An at-a-glance guide to choosing between Kruger National Park and the private game reserves in South Africa
When it came to planning our trip to South Africa, Kia left me to my own devices, knowing how much I enjoy poring over maps and researching potential routes. Mostly, this is fun but also occasionally stressful as I know I’ll be responsible if things go wrong.
With this in mind, I took pains to answer a central question: what are the pros and cons of Kruger National Park vs private game reserves in South Africa?
A safari in South Africa is a bucket-list item and I didn’t want to get it wrong. As such, I spent a good few hours trawling through guidebooks and blog posts to weigh up our options. To save you the same trouble, I’ve collated my findings below to provide an at-a-glance guide to choosing between Kruger National Park and the private game reserves in South Africa.
Kruger National Park in brief
Kruger National Park is one of the world’s best destinations for watching wildlife. Covering an area of 19,485km2 (roughly the size of Wales!), the park boasts an abundance of the ‘big five’ game animals (lion, leopard, rhino, elephant and buffalo) as well as 142 other mammals including cheetah, giraffe, hippo, zebra and hyena.
Named after Paul Kruger, former president of the South African Republic, the park was protected in part in 1898 and became South Africa’s first national park in 1926.
In 2002, Kruger National Park joined with Mozambique’s Limpopo and Zimbabwe’s Gonarezhou. The resulting Great Limpopo Transfrontier Park became the largest game park in Africa, allowing for the free movement of animals over one of the largest protected wildlife areas in the world.
Private game reserves in brief
The ‘Greater Kruger Park’ refers to Kruger National Park (managed by the government through SANParks) and the adjacent private game reserves, some of which share unfenced boundaries with Kruger.
The private game reserves in South Africa are more expensive but also more comfortable. Sabi Sands is the most luxurious of them (and therefore the most expensive). Other private game reserves in the area include: Balule, Kapama, Klaserie, Makalali, Manyeleti, Thornybush and Timbavati among others.
Have a look at this map for an idea of the overall layout of the private game reserves in Kruger.
Kruger National Park vs private game reserves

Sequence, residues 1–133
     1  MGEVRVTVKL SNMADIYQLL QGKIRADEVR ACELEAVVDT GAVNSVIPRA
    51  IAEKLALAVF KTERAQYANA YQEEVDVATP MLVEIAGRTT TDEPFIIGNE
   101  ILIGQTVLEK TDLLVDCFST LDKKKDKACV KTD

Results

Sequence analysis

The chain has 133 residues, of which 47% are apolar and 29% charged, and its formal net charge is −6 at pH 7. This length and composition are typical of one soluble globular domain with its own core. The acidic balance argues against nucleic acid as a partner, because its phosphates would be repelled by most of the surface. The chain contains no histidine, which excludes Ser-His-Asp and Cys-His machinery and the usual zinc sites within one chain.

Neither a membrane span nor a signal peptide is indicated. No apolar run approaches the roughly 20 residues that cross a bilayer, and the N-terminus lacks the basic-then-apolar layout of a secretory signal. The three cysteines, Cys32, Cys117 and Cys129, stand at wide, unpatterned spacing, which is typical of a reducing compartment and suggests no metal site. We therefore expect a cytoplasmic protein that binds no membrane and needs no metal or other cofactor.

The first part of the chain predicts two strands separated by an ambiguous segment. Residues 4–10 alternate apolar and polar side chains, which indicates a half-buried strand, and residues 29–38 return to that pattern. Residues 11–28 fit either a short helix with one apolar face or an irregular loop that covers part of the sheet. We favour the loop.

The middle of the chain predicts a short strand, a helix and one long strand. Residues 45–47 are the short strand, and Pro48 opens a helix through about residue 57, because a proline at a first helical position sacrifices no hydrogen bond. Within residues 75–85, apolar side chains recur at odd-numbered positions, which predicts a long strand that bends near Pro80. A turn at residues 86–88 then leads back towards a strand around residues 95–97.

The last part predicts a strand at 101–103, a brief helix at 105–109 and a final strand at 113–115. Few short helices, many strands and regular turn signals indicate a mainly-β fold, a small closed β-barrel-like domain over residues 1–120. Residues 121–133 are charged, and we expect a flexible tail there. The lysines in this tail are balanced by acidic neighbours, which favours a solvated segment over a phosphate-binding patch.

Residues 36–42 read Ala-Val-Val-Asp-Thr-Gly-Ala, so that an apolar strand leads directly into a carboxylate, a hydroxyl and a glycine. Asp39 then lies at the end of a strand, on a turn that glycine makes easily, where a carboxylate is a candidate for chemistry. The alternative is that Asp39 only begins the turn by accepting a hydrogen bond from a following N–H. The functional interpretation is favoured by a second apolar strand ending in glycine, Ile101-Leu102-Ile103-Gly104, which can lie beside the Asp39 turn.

We list below pertinent information to help you choose between Kruger National Park and private game reserves in South Africa.
|Private game reserves
|National park (public)
Most lodges are in the south which offers frequent leopard sightings. Guides share information, making it easier to locate game (although radio contact can be distracting).
Depends on your ability to find animals if self-driving. Bigger herds, larger variety of animals.
Even when lodges are full, guides limit vehicle numbers at sightings.
Very busy over school holidays (Dec-Jan, Easter and Jun-Jul). Expect tour buses, commercial restaurants and uncontrolled number of vehicles at sightings.
|Vehicle limit at sightings
|Guided game drives
Some lodges limit number of people per vehicle so that everyone has a window seat.
These may have 10 people per vehicle so not everyone will have a window seat.
|Private game drives
Game drives are limited to daylight hours. The exception is if you book an evening drive with SANParks. Private operators and self-drive tourists can't drive after dark.
You will see a small part of Greater Kruger with minimal variation in landscape.
Greater distances, greater variety of landscapes and vegetation.
Usually offered as standard.
You can book a guided walk with SANParks rangers.
The daily schedule at private game reserves is usually quite fixed.
Lodges with AC, private pools, wifi and spa facilities.
Bungalows with AC, private bathroom and kitchen; simple huts with shared bathrooms and kitchen; camping. There are some private lodges inside the park but they use the same roads as everyone else, so aren't great value for money.
|High to sky high
Kruger National Park offers opportunity to see bigger herds and a wider variety of animals. The landscape is more diverse and the cost is much more manageable.
With that said, if you can afford it, we recommend a private game reserve for all the reasons listed above. The cost is a major consideration of course. We spent a lot more per night than we usually would, but our philosophy is that if you’re flying all the way to South Africa for a once-in-a-lifetime safari, there’s no point scrimping when you actually get there.
Good luck and let us know in the comments if you have any questions.
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Lonely Planet South Africa, Lesotho & Swaziland is a comprehensive guide to visiting South Africa, ideal for those who want to both explore the top sights and take the road less travelled.